Working outside, in a sunny place (or indoors, under a 100-watt incandescent bulb), set the multimeter to the DC voltage scale so it can measure a few volts. Using the red clip lead, connect the positive terminal of the meter to the positive terminal of the solar cell. Then use the black clip lead to connect the common (COM) terminal of the meter to the negative terminal of the solar cell (see photos below).
Measure the open circuit voltage (Voc) across the solar cell. This is the voltage when no current is flowing through the cell. Since no current flows through a perfect voltmeter, a voltmeter measures the open circuit’s voltage.
Tilt the solar cell in sunlight or lamplight and notice how the Voc changes. The solar cell measured for the setup shown below, for example, had a Voc = 1.2 volts in full sunlight.
Flip over the solar cell (see photo below), and watch what happens to the meter reading. In our setup, the reading of 0.16 volts shows what happens when almost no light reaches the collectors.
Flip the solar cell face-up again so the light hits it directly, and set the meter to “DC amperes” on a scale that will measure a few amperes of electrical current. Use a red clip lead to connect the positive terminal of the meter to the positive terminal of the solar cell. Then, use a black clip lead to connect the common (COM) terminal of the meter to the negative terminal of the solar cell. (Note that there may be a separate terminal for measuring amperes. If that’s the case, you’ll need to move the input lead to that terminal.)
The maximum current that a solar cell can produce occurs when a wire is connected across the terminals. This is called the short-circuit current, or Isc. Like a wire, an ammeter has very low resistance, so will register a measurement similar to a short circuit.
Note the Isc through the solar cell. In our setup, the solar cell measured Isc = 0.48 amps in full sunlight (your results may vary).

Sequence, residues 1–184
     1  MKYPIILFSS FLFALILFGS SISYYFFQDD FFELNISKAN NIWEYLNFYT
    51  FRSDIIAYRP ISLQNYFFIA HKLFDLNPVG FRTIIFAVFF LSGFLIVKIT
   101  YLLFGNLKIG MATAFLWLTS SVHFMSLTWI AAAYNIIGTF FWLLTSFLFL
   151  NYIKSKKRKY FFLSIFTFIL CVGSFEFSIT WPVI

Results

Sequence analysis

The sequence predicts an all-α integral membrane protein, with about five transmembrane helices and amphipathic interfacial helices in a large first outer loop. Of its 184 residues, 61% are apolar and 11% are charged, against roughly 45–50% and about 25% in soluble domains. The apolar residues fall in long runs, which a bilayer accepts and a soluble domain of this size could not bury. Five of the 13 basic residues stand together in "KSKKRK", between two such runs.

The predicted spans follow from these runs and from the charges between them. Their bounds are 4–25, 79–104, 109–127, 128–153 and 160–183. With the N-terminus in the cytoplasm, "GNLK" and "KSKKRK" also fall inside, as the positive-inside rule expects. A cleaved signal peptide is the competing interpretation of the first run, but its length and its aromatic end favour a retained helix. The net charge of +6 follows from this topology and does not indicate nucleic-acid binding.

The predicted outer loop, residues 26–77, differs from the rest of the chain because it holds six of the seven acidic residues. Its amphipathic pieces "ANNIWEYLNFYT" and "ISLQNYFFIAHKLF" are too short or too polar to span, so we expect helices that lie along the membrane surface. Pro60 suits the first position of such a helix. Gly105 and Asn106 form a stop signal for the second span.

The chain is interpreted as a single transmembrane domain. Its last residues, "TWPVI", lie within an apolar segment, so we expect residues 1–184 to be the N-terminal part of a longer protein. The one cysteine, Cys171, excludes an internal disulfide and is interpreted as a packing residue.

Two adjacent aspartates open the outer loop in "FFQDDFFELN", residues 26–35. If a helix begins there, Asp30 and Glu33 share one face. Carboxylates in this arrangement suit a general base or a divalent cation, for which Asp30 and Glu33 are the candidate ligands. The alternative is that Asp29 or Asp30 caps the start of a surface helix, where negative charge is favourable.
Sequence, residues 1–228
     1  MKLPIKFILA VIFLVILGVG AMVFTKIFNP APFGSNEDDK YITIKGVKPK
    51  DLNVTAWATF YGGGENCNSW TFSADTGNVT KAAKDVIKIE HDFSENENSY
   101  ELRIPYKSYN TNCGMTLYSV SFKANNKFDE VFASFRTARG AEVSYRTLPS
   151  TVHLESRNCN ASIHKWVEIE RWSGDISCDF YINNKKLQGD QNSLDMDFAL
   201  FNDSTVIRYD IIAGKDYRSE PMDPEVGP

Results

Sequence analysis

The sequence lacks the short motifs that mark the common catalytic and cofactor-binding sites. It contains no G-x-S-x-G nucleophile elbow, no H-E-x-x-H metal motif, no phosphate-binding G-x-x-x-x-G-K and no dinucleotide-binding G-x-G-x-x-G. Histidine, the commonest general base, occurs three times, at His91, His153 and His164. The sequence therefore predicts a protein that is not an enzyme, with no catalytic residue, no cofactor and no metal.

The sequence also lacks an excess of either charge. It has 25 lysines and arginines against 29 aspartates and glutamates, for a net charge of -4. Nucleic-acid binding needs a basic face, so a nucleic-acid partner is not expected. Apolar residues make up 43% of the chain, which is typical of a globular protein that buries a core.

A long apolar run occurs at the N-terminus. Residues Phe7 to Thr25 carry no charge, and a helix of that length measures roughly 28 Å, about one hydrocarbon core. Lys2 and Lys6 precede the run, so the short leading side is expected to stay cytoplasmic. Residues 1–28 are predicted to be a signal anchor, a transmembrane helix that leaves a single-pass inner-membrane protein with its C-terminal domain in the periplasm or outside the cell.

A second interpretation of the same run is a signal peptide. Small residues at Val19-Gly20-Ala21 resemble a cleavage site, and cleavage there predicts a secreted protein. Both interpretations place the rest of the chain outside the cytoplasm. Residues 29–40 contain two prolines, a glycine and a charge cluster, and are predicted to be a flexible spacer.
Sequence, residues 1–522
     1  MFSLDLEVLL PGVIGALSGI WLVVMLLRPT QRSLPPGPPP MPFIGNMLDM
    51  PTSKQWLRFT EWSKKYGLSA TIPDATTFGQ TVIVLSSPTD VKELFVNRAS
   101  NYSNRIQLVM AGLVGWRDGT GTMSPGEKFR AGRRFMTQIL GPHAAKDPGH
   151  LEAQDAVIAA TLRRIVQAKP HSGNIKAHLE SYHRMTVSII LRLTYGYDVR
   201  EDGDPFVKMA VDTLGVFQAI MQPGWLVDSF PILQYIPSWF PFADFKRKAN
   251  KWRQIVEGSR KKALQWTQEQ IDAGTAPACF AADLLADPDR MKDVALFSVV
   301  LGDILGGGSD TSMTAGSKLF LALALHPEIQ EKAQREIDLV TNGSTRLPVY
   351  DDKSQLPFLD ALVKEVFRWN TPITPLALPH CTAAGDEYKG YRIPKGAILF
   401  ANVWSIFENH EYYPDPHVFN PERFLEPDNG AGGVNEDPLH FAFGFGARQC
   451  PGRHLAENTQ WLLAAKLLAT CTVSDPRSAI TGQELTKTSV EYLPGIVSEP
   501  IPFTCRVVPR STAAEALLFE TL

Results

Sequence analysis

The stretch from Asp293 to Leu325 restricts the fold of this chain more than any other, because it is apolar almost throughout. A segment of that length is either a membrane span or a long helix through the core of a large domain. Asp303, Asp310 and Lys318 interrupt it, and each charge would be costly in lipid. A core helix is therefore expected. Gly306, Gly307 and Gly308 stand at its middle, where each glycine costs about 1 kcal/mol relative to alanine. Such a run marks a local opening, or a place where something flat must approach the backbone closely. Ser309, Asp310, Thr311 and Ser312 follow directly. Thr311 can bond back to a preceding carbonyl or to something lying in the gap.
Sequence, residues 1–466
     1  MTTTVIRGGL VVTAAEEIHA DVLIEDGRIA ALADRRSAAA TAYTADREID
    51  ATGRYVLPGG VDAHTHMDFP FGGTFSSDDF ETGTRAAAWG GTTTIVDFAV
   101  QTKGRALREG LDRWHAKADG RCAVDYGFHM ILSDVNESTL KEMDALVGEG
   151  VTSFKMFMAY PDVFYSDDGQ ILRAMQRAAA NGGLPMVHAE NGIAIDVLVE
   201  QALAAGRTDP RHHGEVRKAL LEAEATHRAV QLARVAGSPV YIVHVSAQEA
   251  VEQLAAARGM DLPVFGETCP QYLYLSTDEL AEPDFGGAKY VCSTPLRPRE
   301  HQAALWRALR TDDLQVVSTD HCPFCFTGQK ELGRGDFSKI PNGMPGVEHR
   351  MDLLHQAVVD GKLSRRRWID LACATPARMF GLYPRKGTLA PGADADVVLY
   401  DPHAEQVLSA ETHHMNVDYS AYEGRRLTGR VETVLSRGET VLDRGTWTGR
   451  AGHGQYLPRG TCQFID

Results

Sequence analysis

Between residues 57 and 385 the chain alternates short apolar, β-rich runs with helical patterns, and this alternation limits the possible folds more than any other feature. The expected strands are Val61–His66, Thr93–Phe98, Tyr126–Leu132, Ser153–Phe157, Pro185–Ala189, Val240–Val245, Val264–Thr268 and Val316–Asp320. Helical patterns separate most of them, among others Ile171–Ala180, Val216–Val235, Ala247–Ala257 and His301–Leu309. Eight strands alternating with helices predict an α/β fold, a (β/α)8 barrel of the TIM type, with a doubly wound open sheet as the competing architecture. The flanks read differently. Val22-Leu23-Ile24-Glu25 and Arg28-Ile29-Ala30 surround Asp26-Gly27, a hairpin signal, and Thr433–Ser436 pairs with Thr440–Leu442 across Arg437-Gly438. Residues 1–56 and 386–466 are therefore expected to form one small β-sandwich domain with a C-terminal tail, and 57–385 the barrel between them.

Try tilting the solar cell. How does the current change?
In the image below, we again show the connections on the back of the solar cell.
To investigate a solar-powered motor, put a piece of masking tape on the shaft of the electric motor so it creates a tiny flag (see photo below). Make sure the motor still spins freely with the masking tape in place.
Connect the two terminals of the solar cell to the two terminals of the electric motor. (The photos below show the front and back of the solar cell so you can see the connections.) Flip the solar cell face-up and notice how the motor shaft spins when it’s in the sun. Tilt the solar cell to maximize motor speed, and then tilt it away from its maximum orientation. (Be careful not to shade the solar cell as you hold it.) Notice that the motor speed is greatest when the solar cell is oriented perpendicular to a line from the sun to the solar cell.
Measure the voltage across the motor as it runs at maximum speed by connecting the meter as you did in Investigation 1 while leaving the motor connected. This array of connections is called a parallel circuit (see photo below).
Then set the multimeter to measure current, and connect it in a single loop with the motor and solar cell (see photo below). This arrangement is referred to as having the meter in series. In our experiment, the solar cell and motor had V = 1.1 volts and I = 0.11 amps.
Calculating the power of a solar cell
The power of a solar cell is the product of the voltage across the solar cell times the current through the solar cell. Here’s how to calculate the power the solar cell delivers to the motor:
The maximum theoretical power from our solar cell, Pmax, is the product of the Voc and Isc.
Pmax = Voc * Isc = 1.2V * 0.48A = 0.58W
The actual power, Pactual, delivered by the solar cell to the motor, in practice, is equal to the voltage across the motor, V, times the current through the motor, I.
P = V * I
For the solar cell and motor we used, the electrical power delivered to the motor was
P = 1.1V * 0.11A = 0.12W
Calculate the solar cell’s efficiency
The efficiency of the solar cell is the electrical power out divided by the solar power in. You can use the estimate for the maximum theoretical power to calculate the maximum theoretical efficiency, E, of the solar cell.
Here’s how to calculate the efficiency of the solar cell using the sun:
First, calculate the solar power arriving at the solar cell by multiplying the intensity of the sun by the area of the solar cell. The solar intensity from the sun, Si, over a given area at the surface of the earth is approximately 1,000 watts/m2.
Use a ruler to measure the active area, A, of your solar cell (see photo below).
The cell in this experiment measured 5 cm by 5 cm.
A = 5cm * 5cm = 25cm2 = 0.0025m2
The solar power, Ps, intercepted by a cell this size is
Ps = Si * A = 1,000W/m2 * 0.0025m2 = 2.5W
The maximum theoretical efficiency, E, of the solar cell is estimated to be
E = Pmax / Ps = 0.58W / 2.5W = 23%
The actual efficiency of the solar cell when providing power to the motor was
E = Pactual / Ps = 0.12W / 2.5W = 4.8%